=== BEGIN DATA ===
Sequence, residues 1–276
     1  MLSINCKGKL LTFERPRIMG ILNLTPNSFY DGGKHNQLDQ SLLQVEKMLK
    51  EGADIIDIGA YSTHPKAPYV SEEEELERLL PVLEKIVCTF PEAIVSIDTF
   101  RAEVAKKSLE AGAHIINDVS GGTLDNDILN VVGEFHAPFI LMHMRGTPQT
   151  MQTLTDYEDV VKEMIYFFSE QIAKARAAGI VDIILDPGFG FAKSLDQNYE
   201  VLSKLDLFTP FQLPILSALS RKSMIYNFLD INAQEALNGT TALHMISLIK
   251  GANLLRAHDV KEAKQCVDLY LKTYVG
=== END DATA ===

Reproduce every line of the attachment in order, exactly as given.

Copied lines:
Sequence, residues 1–276
     1  MLSINCKGKL LTFERPRIMG ILNLTPNSFY DGGKHNQLDQ SLLQVEKMLK
    51  EGADIIDIGA YSTHPKAPYV SEEEELERLL PVLEKIVCTF PEAIVSIDTF
   101  RAEVAKKSLE AGAHIINDVS GGTLDNDILN VVGEFHAPFI LMHMRGTPQT
   151  MQTLTDYEDV VKEMIYFFSE QIAKARAAGI VDIILDPGFG FAKSLDQNYE
   201  VLSKLDLFTP FQLPILSALS RKSMIYNFLD INAQEALNGT TALHMISLIK
   251  GANLLRAHDV KEAKQCVDLY LKTYVG